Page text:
The Catechism of the Catholic Church (1830-1831) says that the seven gifts of the Holy Spirit “sustain” a Christian’s “moral life.”
Moral life has to do with the good or evil acts that form the character and eternal destiny of a person.
These seven gifts of the Holy Spirit—that is, wisdom, understanding, counsel, fortitude, knowledge, piety, and fear of the Lord—help us do morally good acts.
Further, the CCC says these seven gifts are “permanent dispositions which make man docile in following the promptings of the Holy Spirit.” If they are permanent, once baptized, we always have them. By them, when the Holy Spirit moves us, we are willing to do what the Holy Spirit is asking of us. (CCC 1830).
The CCC says these gifts “belong in their fullness to Christ, Son of David.” I take this to mean that Christ possessed them perfectly in his human nature.
In addition, they “complete and perfect the virtues of those who receive them.” Perhaps an example will illustrate what the CCC means by this. The natural virtue of fortitude helps any human being do what he or she thinks good despite fear or pain. Under the influence of grace, a person can exercise the supernatural virtue of fortitude and do what God wants despite fear or pain. The gift of the Holy Spirit of fortitude makes it easy to do the right thing in trying circumstances.
This background knowledge might help us understand the definition of the gifts of the Holy Spirit which Fr. John Hardon, S.J., provides in his Catholic Dictionary. He writes that they are:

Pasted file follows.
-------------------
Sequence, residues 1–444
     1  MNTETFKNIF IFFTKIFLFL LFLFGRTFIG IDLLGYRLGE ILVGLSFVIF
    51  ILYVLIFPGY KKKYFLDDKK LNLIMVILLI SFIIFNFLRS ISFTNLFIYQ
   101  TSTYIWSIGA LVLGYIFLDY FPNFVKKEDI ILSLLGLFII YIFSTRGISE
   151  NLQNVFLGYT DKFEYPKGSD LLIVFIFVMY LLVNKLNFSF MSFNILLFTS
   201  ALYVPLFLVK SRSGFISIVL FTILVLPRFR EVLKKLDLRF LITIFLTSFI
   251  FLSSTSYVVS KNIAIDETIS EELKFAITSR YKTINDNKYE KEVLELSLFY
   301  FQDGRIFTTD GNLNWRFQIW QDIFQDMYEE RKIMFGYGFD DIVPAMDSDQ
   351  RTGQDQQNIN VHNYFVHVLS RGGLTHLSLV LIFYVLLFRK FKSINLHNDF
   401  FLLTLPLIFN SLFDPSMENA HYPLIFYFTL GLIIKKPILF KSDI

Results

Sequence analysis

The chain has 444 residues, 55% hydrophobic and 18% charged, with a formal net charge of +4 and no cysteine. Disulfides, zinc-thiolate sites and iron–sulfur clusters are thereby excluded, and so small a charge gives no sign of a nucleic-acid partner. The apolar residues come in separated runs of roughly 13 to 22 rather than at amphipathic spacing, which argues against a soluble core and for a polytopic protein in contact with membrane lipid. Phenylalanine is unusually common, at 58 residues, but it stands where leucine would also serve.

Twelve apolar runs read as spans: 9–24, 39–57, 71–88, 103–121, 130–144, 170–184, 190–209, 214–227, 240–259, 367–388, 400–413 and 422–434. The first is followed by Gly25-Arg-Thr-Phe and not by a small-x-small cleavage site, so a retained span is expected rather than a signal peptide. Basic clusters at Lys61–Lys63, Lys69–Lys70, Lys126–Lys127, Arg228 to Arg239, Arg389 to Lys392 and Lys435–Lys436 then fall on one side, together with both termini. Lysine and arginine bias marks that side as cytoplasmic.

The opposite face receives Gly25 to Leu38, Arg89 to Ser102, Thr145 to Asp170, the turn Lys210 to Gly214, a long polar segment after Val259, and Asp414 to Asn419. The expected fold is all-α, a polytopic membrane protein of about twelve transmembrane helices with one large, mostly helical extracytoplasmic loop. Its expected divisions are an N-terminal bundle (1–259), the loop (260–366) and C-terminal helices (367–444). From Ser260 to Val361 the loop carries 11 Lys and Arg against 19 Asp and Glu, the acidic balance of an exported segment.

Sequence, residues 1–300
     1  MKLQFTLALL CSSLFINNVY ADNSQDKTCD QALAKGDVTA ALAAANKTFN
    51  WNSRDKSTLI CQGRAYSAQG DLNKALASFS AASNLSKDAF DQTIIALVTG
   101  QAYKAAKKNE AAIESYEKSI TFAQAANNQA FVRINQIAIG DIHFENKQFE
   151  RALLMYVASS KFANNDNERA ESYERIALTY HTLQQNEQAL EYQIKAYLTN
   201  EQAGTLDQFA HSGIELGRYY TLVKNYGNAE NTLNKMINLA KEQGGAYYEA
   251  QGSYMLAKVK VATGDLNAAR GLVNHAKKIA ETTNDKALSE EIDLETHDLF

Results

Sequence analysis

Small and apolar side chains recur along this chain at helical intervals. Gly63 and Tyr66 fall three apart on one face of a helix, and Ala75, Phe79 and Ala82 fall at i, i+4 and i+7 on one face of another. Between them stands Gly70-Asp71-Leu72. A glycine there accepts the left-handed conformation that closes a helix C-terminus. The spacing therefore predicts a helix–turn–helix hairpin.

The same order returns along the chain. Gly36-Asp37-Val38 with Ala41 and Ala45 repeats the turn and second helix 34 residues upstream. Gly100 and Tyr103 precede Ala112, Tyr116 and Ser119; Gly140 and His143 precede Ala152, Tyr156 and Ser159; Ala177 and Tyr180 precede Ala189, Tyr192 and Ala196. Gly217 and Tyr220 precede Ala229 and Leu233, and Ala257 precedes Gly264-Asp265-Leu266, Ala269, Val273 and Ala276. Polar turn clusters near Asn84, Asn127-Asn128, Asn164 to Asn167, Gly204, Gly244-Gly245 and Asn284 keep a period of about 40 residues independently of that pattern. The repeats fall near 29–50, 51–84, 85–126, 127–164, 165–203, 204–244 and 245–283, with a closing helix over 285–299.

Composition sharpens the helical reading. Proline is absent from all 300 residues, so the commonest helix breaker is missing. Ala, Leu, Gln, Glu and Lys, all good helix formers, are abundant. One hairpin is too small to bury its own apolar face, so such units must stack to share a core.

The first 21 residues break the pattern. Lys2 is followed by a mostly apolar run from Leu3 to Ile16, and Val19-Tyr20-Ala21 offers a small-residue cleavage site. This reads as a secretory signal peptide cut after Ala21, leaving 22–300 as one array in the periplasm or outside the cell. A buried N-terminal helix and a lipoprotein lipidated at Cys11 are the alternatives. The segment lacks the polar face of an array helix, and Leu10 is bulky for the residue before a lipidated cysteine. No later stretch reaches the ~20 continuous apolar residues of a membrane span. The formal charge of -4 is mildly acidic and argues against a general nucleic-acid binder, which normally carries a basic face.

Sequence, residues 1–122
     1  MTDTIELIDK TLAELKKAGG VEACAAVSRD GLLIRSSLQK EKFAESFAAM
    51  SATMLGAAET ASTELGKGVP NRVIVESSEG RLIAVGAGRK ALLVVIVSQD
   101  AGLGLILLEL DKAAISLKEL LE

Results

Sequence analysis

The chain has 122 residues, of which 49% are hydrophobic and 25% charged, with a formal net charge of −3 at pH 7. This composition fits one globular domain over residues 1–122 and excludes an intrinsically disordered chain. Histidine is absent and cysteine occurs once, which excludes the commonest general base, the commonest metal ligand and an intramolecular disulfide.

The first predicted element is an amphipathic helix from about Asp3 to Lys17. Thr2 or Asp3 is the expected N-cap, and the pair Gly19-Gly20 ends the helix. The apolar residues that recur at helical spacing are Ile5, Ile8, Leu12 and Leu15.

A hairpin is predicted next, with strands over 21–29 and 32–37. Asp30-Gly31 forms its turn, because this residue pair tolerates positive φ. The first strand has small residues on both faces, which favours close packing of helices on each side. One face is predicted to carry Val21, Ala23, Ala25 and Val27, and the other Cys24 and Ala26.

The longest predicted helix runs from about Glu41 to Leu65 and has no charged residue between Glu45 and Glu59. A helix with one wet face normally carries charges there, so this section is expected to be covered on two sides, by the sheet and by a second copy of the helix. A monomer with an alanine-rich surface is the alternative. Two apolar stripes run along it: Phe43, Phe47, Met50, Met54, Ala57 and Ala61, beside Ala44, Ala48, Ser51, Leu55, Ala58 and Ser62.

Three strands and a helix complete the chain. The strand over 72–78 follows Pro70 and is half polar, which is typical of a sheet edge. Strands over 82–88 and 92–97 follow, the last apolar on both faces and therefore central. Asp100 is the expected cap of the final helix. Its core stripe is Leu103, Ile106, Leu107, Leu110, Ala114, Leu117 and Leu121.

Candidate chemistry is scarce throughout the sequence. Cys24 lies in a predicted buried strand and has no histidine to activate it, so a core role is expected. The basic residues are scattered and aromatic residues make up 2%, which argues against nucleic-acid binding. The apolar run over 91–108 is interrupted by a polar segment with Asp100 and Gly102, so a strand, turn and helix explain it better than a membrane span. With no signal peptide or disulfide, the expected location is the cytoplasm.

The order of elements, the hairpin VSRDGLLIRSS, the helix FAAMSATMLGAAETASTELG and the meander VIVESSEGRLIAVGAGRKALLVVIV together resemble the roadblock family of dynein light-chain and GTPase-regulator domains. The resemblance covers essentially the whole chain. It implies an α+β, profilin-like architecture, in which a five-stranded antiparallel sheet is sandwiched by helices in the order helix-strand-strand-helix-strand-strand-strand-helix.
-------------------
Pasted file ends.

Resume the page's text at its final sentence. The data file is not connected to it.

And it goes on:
The seven forms of supernatural initiative conferred with the reception of sanctifying grace. They are in the nature of supernatural reflexes, or reactive instincts, that spontaneously answer to the divine impulses of grace almost without reflection but always with full consent.
St. Thomas Aquinas says that the gifts of the Holy Spirit may be divided according to whether they pertain to our intellect or our will. He says Sacred Scripture enumerates them generally according to their intrinsic excellence beginning with the highest.
In future weeks, I will try to reflect on each of these seven gifts so you and I can understand them better. But I’ll start with the lowest and easiest to understand.
For a Doctrinal Homily Outline for the Sixteenth Week in Ordinary Time, Year A, click here.
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